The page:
In fact, there is discussion at the Congregation for Divine Worship and the Discipline of the Sacraments about clarifying this situation because none of the authoritative documents of the Church have ever banned this posture for the priest. In fact, the CDWDS issued a letter back in 2000 regarding the posture of the priest during Mass. I am having server problems, but, I will post the letter in a subsequent follow-up.

Here is the text of the letter from the CDWDS that I referenced in my previous post:

Congregation for Divine Worship and the Discipline of the Sacraments

Prot. No 2036/00/L

The Congregation for Divine Worship and the Discipline of the Sacraments has been asked whether the expression in no. 299 of the Instituto Generalis Missalis Romani constitutes a norm according to which, during the Eucharistic liturgy, the position of the priest versus absidem [facing towards the apse] is to be excluded.

The Congregation for Divine Worship and the Discipline of the Sacraments, after mature reflection and in light of liturgical precedents, responds:

Negative, and in accordance with the following explanation.

The explanation includes different elements which must be taken into account.

It is in the first place to be borne in mind that the word expedit does not constitute an obligation, but a suggestion that refers to the construction of the altar a pariete sejunctum [detached from the wall] and to the celebration versus populum [toward the people]. The clause ubi possibile sit [where it is possible] refers to different elements, as, for example, the topography of the place, the availability of space, the artistic value of the existing altar, the sensibility of the people participating in the celebrations in a particular church, etc. It reaffirms that the position toward the assembly seems more convenient inasmuch as it makes communication easier (Cf. the editorial in Notitiae 29 [1993] 245-249), without excluding, however, the other possibility.

However, whatever may be the position of the celebrating priest, it is clear that the Eucharistic Sacrifice is offered to the one and triune God, and that the principal, eternal, and high priest is Jesus Christ, who acts through the ministry of the priest who visibly presides as His instrument. The liturgical assembly participates in the celebration in virtue of the common priesthood of the faithful which requires the ministry of the ordained priest to be exercised in the Eucharistic Synaxis. The physical position, especially with respect to the communication among the various members of the assembly, must be distinguished from the interior spiritual orientation of all. It would be a grave error to imagine that the principal orientation of the sacrificial action is [toward] the community. If the priest celebrates versus populum, which is a legitimate and often advisable, his spiritual attitude ought always to be versus Deum per Jesus Christum [toward God through Jesus Christ], as representative of the entire Church. The Church as well, which takes concrete form in the assembly which participates, is entirely turned versus Deum [towards God] as its first spiritual movement.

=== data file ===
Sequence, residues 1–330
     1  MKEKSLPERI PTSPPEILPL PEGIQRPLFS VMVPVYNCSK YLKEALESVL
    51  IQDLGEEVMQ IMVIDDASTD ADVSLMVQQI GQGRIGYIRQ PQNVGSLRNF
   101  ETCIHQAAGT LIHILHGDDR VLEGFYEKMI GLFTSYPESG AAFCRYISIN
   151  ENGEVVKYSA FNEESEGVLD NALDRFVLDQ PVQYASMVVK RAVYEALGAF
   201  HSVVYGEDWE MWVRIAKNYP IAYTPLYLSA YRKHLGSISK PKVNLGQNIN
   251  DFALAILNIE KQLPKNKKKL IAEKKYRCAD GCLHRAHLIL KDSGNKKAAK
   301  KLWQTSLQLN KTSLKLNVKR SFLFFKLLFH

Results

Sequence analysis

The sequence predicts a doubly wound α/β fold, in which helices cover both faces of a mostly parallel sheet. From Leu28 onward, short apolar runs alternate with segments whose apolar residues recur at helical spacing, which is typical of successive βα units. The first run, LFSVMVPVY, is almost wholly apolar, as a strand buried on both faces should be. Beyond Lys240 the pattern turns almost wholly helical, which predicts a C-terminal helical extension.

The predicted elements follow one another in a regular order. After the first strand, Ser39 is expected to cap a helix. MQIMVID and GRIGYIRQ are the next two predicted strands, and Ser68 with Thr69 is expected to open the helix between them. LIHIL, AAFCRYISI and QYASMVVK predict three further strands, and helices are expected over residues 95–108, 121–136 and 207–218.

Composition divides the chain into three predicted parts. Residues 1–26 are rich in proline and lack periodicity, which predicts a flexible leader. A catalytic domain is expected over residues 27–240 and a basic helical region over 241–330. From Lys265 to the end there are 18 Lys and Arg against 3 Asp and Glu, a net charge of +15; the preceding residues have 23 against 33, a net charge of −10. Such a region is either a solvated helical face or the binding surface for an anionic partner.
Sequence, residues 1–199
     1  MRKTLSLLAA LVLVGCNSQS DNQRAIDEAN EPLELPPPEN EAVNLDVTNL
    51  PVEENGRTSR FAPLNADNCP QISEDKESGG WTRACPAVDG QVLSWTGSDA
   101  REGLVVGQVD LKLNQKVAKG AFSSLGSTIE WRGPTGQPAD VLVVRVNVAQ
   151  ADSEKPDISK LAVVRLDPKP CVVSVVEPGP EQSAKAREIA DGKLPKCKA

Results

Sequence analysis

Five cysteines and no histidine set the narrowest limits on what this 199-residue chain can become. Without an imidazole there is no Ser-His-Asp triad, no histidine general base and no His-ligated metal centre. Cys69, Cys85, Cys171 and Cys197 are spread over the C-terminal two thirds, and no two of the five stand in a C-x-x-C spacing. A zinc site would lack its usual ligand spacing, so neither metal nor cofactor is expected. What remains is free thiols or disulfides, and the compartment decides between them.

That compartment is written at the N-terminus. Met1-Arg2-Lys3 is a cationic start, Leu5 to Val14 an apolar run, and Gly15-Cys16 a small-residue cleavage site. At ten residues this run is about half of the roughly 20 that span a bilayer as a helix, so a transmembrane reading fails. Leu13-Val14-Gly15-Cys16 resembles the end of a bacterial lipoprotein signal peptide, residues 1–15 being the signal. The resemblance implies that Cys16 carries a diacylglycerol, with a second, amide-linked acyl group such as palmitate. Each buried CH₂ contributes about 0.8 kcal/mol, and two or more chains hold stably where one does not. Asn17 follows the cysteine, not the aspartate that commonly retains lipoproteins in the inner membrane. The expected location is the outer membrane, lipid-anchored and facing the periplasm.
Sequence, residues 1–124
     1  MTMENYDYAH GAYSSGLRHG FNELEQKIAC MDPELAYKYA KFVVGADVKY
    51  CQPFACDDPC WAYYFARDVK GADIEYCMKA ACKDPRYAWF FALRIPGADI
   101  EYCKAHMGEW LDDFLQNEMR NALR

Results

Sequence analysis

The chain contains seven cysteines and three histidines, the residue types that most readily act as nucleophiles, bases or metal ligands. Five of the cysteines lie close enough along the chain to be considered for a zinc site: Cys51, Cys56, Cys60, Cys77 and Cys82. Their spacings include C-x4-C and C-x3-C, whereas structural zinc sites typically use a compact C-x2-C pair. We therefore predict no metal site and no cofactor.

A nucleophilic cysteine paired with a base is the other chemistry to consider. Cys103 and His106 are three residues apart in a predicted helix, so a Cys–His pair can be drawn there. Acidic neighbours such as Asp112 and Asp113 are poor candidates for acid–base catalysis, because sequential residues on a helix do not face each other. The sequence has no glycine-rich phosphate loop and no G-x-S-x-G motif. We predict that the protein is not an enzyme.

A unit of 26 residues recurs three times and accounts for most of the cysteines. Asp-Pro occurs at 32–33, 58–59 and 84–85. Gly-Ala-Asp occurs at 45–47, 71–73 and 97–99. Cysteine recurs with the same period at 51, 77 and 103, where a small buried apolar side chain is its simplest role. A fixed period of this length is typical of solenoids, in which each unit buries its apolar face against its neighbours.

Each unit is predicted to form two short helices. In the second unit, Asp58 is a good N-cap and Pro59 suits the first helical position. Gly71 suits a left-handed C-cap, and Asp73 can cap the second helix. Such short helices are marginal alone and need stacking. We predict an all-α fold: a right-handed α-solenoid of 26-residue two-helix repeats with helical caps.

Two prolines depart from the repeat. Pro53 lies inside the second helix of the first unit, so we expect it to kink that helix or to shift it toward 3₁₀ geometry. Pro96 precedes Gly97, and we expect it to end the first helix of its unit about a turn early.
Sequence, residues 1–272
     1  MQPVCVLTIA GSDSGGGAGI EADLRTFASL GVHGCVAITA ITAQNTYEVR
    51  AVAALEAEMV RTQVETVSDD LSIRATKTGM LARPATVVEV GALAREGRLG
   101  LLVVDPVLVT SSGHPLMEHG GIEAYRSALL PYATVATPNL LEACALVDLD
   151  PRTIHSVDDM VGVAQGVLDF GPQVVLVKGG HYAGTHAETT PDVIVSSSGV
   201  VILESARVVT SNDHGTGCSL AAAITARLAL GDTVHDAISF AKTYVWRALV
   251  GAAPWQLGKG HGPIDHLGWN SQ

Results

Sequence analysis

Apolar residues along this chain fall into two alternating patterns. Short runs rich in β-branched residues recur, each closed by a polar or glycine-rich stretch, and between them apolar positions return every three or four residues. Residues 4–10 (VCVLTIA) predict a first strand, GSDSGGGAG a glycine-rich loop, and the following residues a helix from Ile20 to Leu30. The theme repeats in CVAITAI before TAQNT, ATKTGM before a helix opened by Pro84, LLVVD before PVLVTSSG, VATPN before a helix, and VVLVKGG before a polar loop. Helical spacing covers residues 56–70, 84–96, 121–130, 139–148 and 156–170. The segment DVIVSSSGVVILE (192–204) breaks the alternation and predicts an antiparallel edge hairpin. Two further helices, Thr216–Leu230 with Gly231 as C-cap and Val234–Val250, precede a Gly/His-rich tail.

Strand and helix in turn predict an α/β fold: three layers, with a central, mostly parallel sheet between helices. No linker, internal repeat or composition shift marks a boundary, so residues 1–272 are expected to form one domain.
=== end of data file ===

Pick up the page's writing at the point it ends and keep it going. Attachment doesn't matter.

It appears that the ancient tradition, though not without exception, was that the celebrant and the praying community were turned versus orientem [toward the East], the direction from which the Light which is Christ comes. It is not unusual for ancient churches to be “oriented” so that the priest and the people were turned versus orientem during public prayer.

It may be that when there were problems of space, or of some other kind, the apse represented the East symbolically. Today the expression versus orientem often means versus apsidem, and in speaking of versus populum it is not the west but rather the community present that is meant.

In the ancient architecture of churches, the place of the Bishop or the celebrating priest was in the center of the apse where, seated and turned toward the community, the proclamation of the readings was listened to. Now this presidential place was not ascribed to the human person of the bishop or the priest, nor to his intellectual gifts and not even to his personal holiness, but to his role as an instrument of the invisible Pontiff, who is the Lord Jesus.

When it is a question of ancient churches, or of great artistic value, it is appropriate, moreover, to keep in mind civil legislation regarding changes or renovations. Adding another altar may not always be a worthy solution.

There is no need to give excessive importance to elements that have changed throughout the centuries. What always remains is the event celebrated in the liturgy: this is manifested through rites, signs, symbols and words that express various aspects of the mystery without, however, exhausting it, because it transcends them. Taking a rigid position and absolutizing it could become a rejection of some aspect of the truth which merits respect and acceptance.

Vatican City, 25 September 2000.

Signed: Jorge Arturo Cardinal Medina Estévez, Cardinal Prefect
Archbishop Francesco Pio Tamburrino, Archbishop Secretary

I hope this helps.